A third option for using natural gas as a transportation fuel is to convert the gas into methanol. Again this promising technology faces significant infrastructure switching costs.

Knittel suggests a number of policy proposals to try to help steer the private market in a better direction, including:

  • Reform regulated pricing structures to allow natural gas utilities to sell to transportation users at closer to marginal cost instead of average cost.
  • Facilitate and encourage private access to existing CNG and LNG stations.
  • Establish an industry consortium to investigate and
    coordinate on LNG refueling infrastructure.
  • Include methanol as a product satisfying renewable fuel standards.
  • Subsidize natural-gas powered vehicles by an amount commensurate with their estimated external social benefits.

To these I would add the possibility of giving vehicle manufacturers credit toward Corporate Average Fuel Economy standards of any vehicles powered by natural gas or methanol. My idea is that if a manufacturer sells one car that gets 20 miles per gallon of gasoline, and a second vehicle that uses no gasoline at all, it gets credited for producing two cars with an average fuel efficiency of 40 miles per gallon. Another obvious idea is to streamline the EPA approval process for alternative fuel and engine designs. I would also add that a deficit-minded alternative to Knittel’s last suggestion of subsidizing natural gas vehicles would be to tax conventional gasoline vehicles, or gasoline itself, by an amount commensurate with their estimated external social costs.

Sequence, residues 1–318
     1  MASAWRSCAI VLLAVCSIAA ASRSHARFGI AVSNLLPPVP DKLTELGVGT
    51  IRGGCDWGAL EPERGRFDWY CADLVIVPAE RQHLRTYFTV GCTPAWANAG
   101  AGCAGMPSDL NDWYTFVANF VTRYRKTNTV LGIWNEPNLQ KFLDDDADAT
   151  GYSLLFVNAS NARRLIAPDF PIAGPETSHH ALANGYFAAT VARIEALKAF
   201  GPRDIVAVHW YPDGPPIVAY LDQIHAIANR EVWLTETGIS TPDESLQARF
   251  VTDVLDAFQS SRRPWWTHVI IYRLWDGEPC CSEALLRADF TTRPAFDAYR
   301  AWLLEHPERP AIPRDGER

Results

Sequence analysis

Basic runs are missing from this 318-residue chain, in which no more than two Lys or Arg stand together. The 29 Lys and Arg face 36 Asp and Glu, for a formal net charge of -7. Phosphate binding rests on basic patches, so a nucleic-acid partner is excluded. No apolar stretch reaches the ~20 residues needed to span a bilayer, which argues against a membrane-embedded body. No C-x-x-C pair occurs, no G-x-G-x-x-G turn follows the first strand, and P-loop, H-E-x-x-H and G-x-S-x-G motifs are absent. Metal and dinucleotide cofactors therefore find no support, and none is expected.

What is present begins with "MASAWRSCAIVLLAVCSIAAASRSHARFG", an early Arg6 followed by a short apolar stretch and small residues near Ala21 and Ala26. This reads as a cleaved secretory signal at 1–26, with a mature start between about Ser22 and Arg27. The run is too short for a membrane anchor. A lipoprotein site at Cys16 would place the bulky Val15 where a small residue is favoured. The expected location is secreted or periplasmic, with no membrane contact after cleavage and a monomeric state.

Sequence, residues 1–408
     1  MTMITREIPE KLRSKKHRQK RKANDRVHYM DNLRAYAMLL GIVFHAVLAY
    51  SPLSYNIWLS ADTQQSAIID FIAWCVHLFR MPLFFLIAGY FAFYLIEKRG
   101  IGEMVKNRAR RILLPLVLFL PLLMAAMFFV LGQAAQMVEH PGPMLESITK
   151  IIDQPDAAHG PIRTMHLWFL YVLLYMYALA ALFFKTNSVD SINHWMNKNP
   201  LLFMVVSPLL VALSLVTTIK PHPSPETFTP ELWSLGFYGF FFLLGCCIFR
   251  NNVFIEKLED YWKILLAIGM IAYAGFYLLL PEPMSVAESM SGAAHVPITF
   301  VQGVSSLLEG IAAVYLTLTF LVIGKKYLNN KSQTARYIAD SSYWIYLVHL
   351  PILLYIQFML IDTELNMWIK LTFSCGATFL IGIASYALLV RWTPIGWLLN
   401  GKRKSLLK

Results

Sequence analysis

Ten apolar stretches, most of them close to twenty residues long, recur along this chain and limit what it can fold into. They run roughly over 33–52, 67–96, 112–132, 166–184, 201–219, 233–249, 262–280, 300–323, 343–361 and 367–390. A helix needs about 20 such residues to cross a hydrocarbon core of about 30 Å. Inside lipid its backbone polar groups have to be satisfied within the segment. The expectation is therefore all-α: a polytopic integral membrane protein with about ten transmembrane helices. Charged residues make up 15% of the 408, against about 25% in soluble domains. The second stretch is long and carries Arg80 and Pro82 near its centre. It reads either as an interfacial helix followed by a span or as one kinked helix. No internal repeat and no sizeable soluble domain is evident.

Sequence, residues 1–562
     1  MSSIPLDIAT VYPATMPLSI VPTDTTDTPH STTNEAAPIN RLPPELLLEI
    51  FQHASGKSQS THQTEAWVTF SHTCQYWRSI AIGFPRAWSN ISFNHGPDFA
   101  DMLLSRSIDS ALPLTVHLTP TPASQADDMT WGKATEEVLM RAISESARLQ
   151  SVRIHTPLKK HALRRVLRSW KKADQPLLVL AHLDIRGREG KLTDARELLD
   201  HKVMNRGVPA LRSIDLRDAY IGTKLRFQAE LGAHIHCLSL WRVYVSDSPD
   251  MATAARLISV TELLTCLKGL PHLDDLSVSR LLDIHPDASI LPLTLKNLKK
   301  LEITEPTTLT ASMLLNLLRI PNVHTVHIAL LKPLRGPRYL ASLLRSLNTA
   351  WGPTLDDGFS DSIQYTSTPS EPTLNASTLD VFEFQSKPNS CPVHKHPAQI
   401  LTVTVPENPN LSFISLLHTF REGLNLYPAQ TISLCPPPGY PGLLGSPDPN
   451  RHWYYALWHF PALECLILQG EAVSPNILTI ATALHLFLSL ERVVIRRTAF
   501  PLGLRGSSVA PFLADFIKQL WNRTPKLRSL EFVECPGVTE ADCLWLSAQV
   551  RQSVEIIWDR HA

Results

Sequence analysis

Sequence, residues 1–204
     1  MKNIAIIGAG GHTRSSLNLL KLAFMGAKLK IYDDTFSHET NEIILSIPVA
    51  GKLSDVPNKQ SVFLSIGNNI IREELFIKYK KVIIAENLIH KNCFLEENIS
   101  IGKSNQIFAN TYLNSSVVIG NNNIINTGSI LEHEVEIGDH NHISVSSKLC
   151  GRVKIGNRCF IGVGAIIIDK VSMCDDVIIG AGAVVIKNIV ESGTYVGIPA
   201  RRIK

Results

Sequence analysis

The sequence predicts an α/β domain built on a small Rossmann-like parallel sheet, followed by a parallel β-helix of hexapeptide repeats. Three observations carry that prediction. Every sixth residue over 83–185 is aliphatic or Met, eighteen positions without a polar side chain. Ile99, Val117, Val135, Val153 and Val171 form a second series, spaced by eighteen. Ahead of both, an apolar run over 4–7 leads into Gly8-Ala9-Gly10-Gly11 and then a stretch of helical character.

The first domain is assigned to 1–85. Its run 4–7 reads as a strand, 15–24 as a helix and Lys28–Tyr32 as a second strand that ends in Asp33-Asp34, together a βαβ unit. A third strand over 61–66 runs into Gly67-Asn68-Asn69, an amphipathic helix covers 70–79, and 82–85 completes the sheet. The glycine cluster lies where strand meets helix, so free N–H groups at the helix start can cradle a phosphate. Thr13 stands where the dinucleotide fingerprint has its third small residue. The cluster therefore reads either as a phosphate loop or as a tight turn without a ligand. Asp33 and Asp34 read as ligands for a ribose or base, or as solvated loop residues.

I’m interested to hear if some of our readers have other suggestions.

37 thoughts on “Natural gas for transportation

  1. david

    central bank reflation will only hit the wall of higher energy prices, reducing oil usage is a must to improve growth.

  2. Walter Sobchak